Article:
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The Wallaby XV that should play the Lions

  
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11/04/2013
By The Roar


Fan article originally published on The Roar's sports opinion website. Submit your own rugby article to The Roar for potential publication on Rugby.com.au.

 

Here are my early picks for the Wallabies team that should take on the Lions in June.

It’s 74 days until the first Lions Test in June, and a lot can change between now and then.

Just ask Brumbies fans how they felt on Saturday night compared to 16th March when they’d just finished flogging the Sharks; it’s only 24 days since then.

I do think there is enough water under the bridge this year to begin looking at how a Wallabies team could take shape with a view to winning a once in a lifetime series.

Obviously picking a Wallabies side is different to the purely form-based XV I put together a while ago.

This team needs a mix of form, experience, explosiveness and toughness required at the Test match level.

For the sake of tension, here is the rationale before I put the team on paper.

I don’t want the Wallabies to be muscled out of the contest and forced to live of scraps. In picking that tight-five I’ve tried to build a platform for victory.

Greg Holmes, Stephen Moore and Sekope Kepu are all large and get through their defensive work.

People point out that Holmes isn’t great at running the ball. I think the selection of props for their running ability is slightly misguided.

Holmes will help anchor a scrum and doesn’t shirk defensive work either.

Kepu can run the ball about as well as any prop and doesn’t fare badly when it comes time to pack.

Moore is Australia’s best hooker by far.

For the second row part of the tight five I have picked Australia’s best and most in-form players.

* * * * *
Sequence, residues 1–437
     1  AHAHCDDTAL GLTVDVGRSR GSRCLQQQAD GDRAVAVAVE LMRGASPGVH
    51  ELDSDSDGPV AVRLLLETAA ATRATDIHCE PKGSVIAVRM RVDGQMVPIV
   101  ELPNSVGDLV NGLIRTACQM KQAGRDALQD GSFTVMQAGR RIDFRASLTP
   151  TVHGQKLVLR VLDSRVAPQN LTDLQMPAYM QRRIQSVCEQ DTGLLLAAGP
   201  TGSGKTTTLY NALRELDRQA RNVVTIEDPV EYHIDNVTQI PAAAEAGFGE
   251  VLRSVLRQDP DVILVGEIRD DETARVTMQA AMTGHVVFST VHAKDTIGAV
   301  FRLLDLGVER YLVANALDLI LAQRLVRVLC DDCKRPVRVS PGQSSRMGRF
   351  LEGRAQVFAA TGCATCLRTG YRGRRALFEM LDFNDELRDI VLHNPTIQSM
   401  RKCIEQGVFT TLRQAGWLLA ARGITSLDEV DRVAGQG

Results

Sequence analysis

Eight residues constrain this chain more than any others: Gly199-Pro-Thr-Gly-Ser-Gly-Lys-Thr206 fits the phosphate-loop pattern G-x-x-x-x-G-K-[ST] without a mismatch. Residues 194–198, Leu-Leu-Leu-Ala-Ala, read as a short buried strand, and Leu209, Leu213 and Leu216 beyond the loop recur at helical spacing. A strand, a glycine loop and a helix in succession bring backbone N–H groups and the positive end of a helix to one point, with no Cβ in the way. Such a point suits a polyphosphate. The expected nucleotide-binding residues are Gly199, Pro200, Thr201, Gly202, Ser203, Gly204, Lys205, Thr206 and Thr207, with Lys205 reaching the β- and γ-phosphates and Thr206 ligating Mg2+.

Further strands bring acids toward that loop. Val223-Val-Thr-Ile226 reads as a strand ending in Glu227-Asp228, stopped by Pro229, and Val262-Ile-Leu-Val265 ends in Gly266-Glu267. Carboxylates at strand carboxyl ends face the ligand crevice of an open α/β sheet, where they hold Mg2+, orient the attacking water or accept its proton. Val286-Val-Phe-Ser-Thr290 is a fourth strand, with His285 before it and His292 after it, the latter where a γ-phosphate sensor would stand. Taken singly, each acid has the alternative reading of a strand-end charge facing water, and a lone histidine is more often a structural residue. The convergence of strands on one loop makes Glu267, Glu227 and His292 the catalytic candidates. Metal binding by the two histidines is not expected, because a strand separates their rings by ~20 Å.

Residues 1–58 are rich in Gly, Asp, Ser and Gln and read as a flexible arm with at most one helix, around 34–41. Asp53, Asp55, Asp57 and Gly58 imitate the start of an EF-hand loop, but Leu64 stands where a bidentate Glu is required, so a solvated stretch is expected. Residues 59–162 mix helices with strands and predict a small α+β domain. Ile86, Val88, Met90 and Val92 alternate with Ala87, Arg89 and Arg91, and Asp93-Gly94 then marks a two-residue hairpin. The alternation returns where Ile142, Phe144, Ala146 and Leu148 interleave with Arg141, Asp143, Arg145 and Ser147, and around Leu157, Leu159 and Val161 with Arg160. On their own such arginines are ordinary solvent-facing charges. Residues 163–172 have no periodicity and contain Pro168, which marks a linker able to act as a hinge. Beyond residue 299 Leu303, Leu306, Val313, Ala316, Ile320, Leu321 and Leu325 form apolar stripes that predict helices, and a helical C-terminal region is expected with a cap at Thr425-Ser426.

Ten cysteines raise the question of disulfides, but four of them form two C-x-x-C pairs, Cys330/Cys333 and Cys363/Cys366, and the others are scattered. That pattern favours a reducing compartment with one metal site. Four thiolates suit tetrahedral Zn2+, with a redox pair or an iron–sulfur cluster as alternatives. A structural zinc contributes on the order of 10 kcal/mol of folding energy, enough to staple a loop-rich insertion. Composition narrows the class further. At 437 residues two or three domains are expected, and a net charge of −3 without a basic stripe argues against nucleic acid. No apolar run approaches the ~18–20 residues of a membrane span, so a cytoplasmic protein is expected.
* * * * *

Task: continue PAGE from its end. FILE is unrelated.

James Horwill is the best lock we have and his absence in the Reds line-up earlier this year highlighted his underrated on-field leadership.

Since he has come back the Reds have been much more purposeful, and he works over the referee a little as well.

Hugh McMeniman has been the form Australian second row forward this year.

He has been very strong with the ball in hand and reliable enough in the lineout. He’s a sizeable bloke to and should be able to back up his front row in the scrums, and he is an experienced rugby player now.

His injury was a worry but it sounds like he’s going to be back a few weeks before the Lions 25-man squad is named.

The loose forwards are going to be a very interesting contest; I’ve tried to differentiate ours from the hold-up-ball-carriers and try-to-smash-the-opposition strengths the Lions will probably deploy.

That’s why I’ve gone for Liam Gill at blindside.

The Lions are going to have to plan and organise themselves to counteract his specific rucking and stealing ability more than the roundly talented Michael Hooper.

Gill is also a good lineout option.

At the blindside I think Scott Higginbotham is out of form and not suited to the style of rugby that will be played in the series.

I’ve gone for Ben Mowen to reward his Super Rugby form, to make use of his large frame in contact and because I see him as a diesel engine likely to last the 80.

Mowen also jumps well enough to be a threat there too.

Wycliffe Palu, when fit, is still the best number 8 in Australia so he has to be there now he’s back on the field.

He can be a lineout threat too. That’s four options.

Now we move on to the back line.

Will Genia is the first person picked. I need to devote a full article to his play sometime.
At fly half I’ve gone with Quade Cooper for now.

This year hasn’t been Cooper’s most dazzling or highlight fuelled, but I think he’s shown a deliberate attempt to manage the game more. That is a smart move on his behalf.

His play against the Highlanders was the best he’s played all year, especially in the first half.

He was putting people through holes and playing around on the blind side which caused the defence fits. His partnership with Genia is important also.

Our centre pairing is likely to come up against some seriously heavy artillery in the form of Jamie Roberts and Manu Tuilangi.